Sounds like you've had some real challenges.  Disclosure is not the best thing for everyone.  If you can succeed without disclosing, there may be no reason to share that information.  For may people with Asperger Syndrome, however, their Asperger-related behaviors at work can become a problem that can get them fired.  Disclosure is not a cure-all, but in the right situations, it can make the difference between keeping a job and getting fired.  I think you're right about getting the proper support.  You do need people who understand about Asperger Syndrome.  It's a hard truth that it's especially hard to convince many employers to hire a person with a difference such as Asperger Syndrome. Employers want people who they think are going to fit in and be productive.  Unless they are convinced that a person with Asperger Syndrome can fit in and that his or her productivity will outweigh any accommodations, they're not likely to take what they see as a risk.  So we've got to either find ways to fit in and not disclose, or find employers who will be open to learning enough about Aspergers and a job applicant that they're willing to hire that person.  Getting assistance from qualified people who understand Asperger Syndrome and can help you prepare for the workplace can make a huge difference no matter what path you choose.

AS at work.....

I know in my heart I am on the Autism Spectrum, probably AS......but now it's like, so what? I'm 59 years old and I am a Special Education Teacher........my AS affects me in that I am not able to see the "big picture" of how things interlock at work....very frustrating. I want to help my coworkers and students, but struggle in knowing how to do that......it's like everyone is speaking in a foreign language......it's like there's something important that needs doing and others know about it but it seems they take glee in knowing that I can't see what that important thing to do is.......I understand well how an accounting or programming job would be well suited for me, but that's just not the case......perhaps I made a mistake going into a position that requires dealing with people on many diverse levels throughout the day........I mean, just give me a job repairing row boats or something!! I debate about whether to disclose at work, but I don't think that would be a great help - I know I would FEEL better if I disclosed (just because I wouldn't have to be carrying around that burden alone anymore) but I also fear reprisal.........again, frustrating

Disclosing decisions

You might consider getting in touch with a job coach or counselor familiar with Asperger Syndrome to get an objective opinion.  This person could help you weight the potential positives and negatives and assess whether disclosing could be the right thing for you in your current job, or whether you should keep your current job and look for something you feel would be more suited to you.  It's hard to go through every day feeling frustrated.  A job coach or counselor could help you see options you might not see on your own.  The final decisions are yours.

Best of luck.

Dan

help - coworker with Asperger's

Hi Dan.

I think my coworker has Asperger's. I can't say too much since this is searchable. But long story short his way of working makes it impossible for me to do my own work, and I'm at my wit's end.

He started as a programmer - perfect job for him - then was promoted to a position that requires a lot of teamwork, leading meetings, flexibility, etc. He is now in a job that is completely ill suited for him except for the programming part. My work depends on his (I use his work to complete mine). He is frequently late because he can't see how his work impacts my department. He can't see the big picture so he will find something requiring change and not realize how it can impact other things. His emails are pages and pages. We work in different offices so only communicate via email and phone.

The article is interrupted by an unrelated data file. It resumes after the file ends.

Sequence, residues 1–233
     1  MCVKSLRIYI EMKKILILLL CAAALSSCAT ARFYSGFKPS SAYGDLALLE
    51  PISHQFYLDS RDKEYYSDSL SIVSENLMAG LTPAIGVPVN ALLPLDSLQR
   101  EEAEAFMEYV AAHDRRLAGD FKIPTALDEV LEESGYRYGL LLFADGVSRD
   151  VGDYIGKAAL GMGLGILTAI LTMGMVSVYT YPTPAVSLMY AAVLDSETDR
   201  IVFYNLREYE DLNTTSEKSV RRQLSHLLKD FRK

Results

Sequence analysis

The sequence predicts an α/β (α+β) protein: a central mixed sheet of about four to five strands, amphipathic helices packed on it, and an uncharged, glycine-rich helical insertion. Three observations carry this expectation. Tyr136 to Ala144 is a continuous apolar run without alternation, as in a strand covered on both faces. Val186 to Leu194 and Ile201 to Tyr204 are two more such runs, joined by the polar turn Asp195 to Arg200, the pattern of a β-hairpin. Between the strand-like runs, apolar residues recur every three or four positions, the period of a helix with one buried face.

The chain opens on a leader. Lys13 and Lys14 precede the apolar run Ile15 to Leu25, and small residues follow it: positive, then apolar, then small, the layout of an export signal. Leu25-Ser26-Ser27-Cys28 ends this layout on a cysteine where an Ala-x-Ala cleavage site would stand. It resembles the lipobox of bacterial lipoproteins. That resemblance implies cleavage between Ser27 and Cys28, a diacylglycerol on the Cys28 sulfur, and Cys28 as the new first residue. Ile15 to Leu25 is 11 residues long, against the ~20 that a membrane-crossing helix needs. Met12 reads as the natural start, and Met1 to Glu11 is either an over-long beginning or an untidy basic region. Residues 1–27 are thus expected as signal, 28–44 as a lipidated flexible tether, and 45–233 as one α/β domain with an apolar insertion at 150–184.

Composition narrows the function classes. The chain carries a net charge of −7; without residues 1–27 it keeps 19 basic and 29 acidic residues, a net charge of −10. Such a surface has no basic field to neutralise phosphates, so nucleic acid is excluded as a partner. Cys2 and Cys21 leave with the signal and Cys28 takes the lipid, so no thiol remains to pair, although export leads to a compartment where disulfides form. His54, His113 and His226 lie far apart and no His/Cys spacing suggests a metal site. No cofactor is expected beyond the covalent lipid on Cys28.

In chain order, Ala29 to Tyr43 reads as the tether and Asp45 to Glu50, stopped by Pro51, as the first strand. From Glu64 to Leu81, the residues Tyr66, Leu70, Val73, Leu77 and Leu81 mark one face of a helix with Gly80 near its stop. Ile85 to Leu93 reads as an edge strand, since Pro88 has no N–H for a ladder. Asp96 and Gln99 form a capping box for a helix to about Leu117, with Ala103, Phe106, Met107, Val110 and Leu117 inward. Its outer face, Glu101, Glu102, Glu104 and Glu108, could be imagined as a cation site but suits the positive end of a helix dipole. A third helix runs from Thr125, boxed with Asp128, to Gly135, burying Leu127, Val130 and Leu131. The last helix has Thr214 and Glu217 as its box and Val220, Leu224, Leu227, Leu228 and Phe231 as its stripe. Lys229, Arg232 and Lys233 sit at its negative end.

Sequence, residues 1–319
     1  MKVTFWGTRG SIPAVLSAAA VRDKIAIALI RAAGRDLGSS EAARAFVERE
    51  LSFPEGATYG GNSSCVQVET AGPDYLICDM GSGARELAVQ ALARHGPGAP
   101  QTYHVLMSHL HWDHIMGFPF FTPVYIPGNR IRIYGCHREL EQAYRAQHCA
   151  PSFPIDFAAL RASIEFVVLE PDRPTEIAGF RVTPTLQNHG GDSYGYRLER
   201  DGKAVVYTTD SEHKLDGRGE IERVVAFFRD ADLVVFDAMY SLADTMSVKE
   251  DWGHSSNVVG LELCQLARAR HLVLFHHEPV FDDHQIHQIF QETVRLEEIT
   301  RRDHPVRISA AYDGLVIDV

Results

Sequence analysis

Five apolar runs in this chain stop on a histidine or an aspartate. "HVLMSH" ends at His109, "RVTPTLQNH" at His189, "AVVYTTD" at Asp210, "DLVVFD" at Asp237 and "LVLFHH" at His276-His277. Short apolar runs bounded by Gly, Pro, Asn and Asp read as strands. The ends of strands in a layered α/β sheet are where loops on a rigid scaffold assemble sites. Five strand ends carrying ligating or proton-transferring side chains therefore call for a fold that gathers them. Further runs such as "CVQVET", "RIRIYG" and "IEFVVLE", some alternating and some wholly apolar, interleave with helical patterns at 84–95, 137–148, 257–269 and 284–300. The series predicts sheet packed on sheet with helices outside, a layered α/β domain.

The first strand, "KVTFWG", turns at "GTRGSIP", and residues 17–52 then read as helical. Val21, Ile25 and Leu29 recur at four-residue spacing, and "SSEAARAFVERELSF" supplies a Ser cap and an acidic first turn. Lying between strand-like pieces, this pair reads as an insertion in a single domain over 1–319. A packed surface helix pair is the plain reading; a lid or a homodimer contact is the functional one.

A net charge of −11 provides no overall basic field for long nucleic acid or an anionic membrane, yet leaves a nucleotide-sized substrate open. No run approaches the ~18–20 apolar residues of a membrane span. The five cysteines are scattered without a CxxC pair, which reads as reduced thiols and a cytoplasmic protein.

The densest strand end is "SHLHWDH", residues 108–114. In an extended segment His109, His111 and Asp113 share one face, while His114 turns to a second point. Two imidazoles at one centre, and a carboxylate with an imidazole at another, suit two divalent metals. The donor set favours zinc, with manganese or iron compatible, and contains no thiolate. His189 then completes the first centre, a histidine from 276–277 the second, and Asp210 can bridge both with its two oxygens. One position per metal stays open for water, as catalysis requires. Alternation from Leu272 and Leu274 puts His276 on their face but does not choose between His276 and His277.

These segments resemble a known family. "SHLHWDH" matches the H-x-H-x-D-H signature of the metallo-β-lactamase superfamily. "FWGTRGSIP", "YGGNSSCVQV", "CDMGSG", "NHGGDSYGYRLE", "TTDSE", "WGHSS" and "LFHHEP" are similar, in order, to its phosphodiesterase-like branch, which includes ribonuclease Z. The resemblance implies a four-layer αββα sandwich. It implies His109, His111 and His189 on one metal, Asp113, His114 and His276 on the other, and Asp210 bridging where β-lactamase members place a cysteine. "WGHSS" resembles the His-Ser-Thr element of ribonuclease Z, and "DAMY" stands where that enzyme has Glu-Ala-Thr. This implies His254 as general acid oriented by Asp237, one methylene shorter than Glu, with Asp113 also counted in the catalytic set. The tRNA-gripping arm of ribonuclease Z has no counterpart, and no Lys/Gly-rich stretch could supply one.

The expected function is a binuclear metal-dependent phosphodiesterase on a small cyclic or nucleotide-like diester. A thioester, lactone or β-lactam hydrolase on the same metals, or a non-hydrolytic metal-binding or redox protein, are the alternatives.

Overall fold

I don't know what to do and am about ready to quit my job. It is giving me near panic attacks as I find out everything last minute and can't extend my own deadline.

I know his boss knows of the challenges. But he is still left in this position - and so am I. What can I do. I try to be understanding, be direct and clear. But I actually can't function. help

Dealing with Coworkers challenges

The best approach in a situation such as this is to look at the big picture and analyze how your coworker's challenges are affecting the work that gets done in the office.  If you use this perspective when you talk with folks in charge, it sound less like you're a complainer thinking only about yourself and more like a reasonable employee trying to make things work for everyone.  You need to make sure your concerns are reasonable and prepare to discuss them in those terms.  You mentioned his boss knows about the challenges.  You need to discuss those challenges with your boss, making it clear that you're looking for help with a solution that works for everyone. If taking the issue to your boss fails and your company is big enough to have a Human Resources department, you can contact them and ask for assistance with the problem.  With this set of circumstances, it's likely others are affected also, including the person with Asperger Syndrome.  There are a number of possible solutions.  Hopefully, the company can reach a cooperative resolution with some reasonable accommodations for the person with Asperger Syndrome and some modfications of his behaviors -- and possibly some modifications of his responsibilities.  The person's boss or the Human Resources group might want to bring in a job coach who understands Asperger Syndrome to offer suggestions about how everyone can get along and be productive.  You can't do this on your own.  Luckily, there are lots of instances where companies have resolved these sorts of issues to the benefit of everyone involved. Best of Luck.